BurgundyBoy

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    3,232
  • Joined

  • Last visited

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About BurgundyBoy

  • Rank
    TT Master

Profile Information

  • Gender
    Male
  • Location
    MetroBoston
  • Age
    63

Information

  • Surgeon
    Kim
  • Hospital
    Mt. Auburn
  • Height (ft-in)
    6-02
  • Start Weight
    294
  • Current Weight
    201.7
  • Goal Weight
    185
  • Body Mass Index (BMI)
    26.0
  • Surgery Date
    03/20/2017
  • Surgery Type
    Vertical Sleeve
  • Surgeon
    Kim

Recent Profile Visitors

2,672 profile views
  1. No doubt your youth has helped... the younger you are, the more likely your skin is to be able to adapt. Your degree of weight loss - 65% of your weight - is on the high side and that suggests you had more than the average amount of skin to start with. Exercise will help, and is sometimes enough, but only plastics will leave you sculpted. Sometimes just a bit of exercise makes a difference in how you look, how you carry yourself, and how taut you are. Your neck and face may unduly benefit - - and IMHO, there is nothing as visually confidence building as developing or enhancing a jaw line where there had been none. Having said that, only plastics will leave you sculpted - or be thorough in getting rid of redundant skin that is tiresome.
  2. Wise. You can only worry about the things you can alter (by worrying) through being more mindful ...
  3. Am 2 years out - in general do NOT have hunger pangs - and I only get hungry in one of two circumstances: - True hunger where I've not eaten in a long time. - If I am foolish enough to eat a lot of carbohydrates and no protein/fat - I get hungry a few hours later. I think is part of the carbohydrate-induced metabolic cycle of low-> high insulin In other words, am just like @Aussie Bear!
  4. BurgundyBoy

    still here!

    All the gallbladder does is store up your bile, so that when you eat you get a squirt of bile to help dissolve the food ... instead it just flows like a steady stream after having your GB out. The existence of a gallbladder, along with the appendix, is offered as proof by some people that God (or the Gods, or whatever...) makes Mistakes or could be Misled by mischievous parties. Glad you have an answer Kio!
  5. Bowel kink may be caused by adhesions, little bits of scar tissue that anchor the outsides of your intestines to nearby things... and given all your surgery it's all the more likely. Hope this goes away on its own!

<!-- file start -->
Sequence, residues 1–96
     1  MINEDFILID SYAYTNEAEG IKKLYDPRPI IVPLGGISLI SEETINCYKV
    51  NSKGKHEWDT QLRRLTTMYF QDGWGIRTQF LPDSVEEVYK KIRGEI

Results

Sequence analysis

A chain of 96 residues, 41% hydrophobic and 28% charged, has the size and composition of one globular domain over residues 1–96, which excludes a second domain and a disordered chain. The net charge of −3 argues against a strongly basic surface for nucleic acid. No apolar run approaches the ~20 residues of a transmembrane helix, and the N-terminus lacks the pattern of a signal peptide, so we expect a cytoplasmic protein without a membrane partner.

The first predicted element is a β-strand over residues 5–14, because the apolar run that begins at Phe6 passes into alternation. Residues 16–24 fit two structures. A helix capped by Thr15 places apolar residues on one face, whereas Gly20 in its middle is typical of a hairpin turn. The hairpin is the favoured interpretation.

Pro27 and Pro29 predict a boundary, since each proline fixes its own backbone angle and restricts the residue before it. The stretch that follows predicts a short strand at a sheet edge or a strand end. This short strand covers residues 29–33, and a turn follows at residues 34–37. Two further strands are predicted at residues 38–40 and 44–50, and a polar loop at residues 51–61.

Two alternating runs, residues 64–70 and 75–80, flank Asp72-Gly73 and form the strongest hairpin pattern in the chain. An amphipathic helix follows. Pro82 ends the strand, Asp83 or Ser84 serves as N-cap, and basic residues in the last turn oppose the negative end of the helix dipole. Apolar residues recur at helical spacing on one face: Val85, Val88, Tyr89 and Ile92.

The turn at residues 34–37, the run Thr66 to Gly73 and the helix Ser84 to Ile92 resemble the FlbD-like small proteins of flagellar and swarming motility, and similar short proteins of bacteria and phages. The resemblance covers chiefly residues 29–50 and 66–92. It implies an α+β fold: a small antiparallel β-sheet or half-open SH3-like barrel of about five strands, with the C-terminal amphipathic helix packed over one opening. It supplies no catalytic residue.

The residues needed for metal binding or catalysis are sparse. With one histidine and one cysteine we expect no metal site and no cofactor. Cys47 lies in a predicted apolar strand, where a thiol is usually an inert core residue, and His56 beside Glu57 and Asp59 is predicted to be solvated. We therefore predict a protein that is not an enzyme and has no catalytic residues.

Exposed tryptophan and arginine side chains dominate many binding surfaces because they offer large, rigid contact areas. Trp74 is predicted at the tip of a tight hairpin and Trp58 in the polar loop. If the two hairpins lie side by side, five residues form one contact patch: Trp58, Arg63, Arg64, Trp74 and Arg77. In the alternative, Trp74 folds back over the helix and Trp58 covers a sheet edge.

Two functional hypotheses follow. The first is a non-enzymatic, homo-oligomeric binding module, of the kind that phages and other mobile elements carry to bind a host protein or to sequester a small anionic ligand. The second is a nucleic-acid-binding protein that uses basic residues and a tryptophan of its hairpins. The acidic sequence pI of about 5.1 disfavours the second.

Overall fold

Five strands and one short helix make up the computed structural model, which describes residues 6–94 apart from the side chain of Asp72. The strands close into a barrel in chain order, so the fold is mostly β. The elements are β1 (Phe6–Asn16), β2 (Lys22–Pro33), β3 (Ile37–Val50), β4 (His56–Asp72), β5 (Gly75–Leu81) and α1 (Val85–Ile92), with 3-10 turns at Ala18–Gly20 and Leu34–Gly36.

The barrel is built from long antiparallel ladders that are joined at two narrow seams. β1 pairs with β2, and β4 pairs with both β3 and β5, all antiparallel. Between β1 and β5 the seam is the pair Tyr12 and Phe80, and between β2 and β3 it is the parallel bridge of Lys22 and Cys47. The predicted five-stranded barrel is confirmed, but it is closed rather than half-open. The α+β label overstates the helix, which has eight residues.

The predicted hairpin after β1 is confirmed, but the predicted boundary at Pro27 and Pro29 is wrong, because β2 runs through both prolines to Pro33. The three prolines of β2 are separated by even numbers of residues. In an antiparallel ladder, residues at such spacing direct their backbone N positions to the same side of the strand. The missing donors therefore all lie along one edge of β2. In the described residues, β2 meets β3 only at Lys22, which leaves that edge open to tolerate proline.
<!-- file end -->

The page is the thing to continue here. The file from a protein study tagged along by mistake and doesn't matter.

6. That's "chiseled" not gaunt, chiseled, chiseled .... helps you look distinguished and edgy in an attractive way... I know what you mean. My, um, chiseled cheeks are above slight jowls around my mouth, which I disguise a bit with my short beard and mustache. Turns out the most sensitive indicator area for me and my weight is my neckline, and my weird little inner tube that goes around my middle. Your smile is lovely. One can see that when you smile, as in your photo, the natural crease lines to the side are also in the smiling position, and not the frowning position. One must guess that you smile a lot!
  7. Tracy, I don't sense that my post-VSG stomach is much different now (2 years) than it was at 6 months or so. I cook an amount of food for dinner most nights that is at my limit for being full, since I often don't finish it: typically 50 g of farro, 50 grams of lentils, with 300 g of chicken broth, some sauteed garlic and maybe some defatted sausage or hamburger meat - am sure it is less than 2 cups (500 cc) by volume. I'm 6' 2+" inches, not 5'6". At this point I remain a cheap date by food volume standards!
  8. No magic answers here for sleep ... modest alcohol intake; got a new mattress recently that I sleep much better on; I do take clonzepam sometimes especially when I am travelling and sleep is elusive; and the thing that seems to help my friends the most sleep through the night as a group ... is a substance recently decriminalized in Massachusetts!
  9. Hey Trish sorry you have been under the weather with all this, and have now gained some weight back. ... and lack of sleep is so very draining. You still on track for the surgery on your other knee? Best to be in the best shape...
  10. We each lose weight at our own rate. Your rate is what it is. Your stats are minus 30 pounds. You are a success. You must not fall into the trap of comparing your rate to some other random person. Success is success. How quickly you lose weight after surgery does NOT determine your long term success. The fact you are on a support website is good though as social support - in person, via the web, whatever - IS predictive of success. Maybe you would like to accelerate your success. People tend to look to modest changes in exercise; perhaps changing your balance of proteins, fats, and carbs; or (with really low caloric intake) upping your calories by a few hundred calories a day. An interesting tactic is to measure your arms, thighs, waist, hips, bust, chest, neck.... it's really common to see a change in your SIZE with an unchanging weight. A fall in one of those measures keeps your spirits up when the scale is not changing. Try measuring yourself every, oh, week or so with those.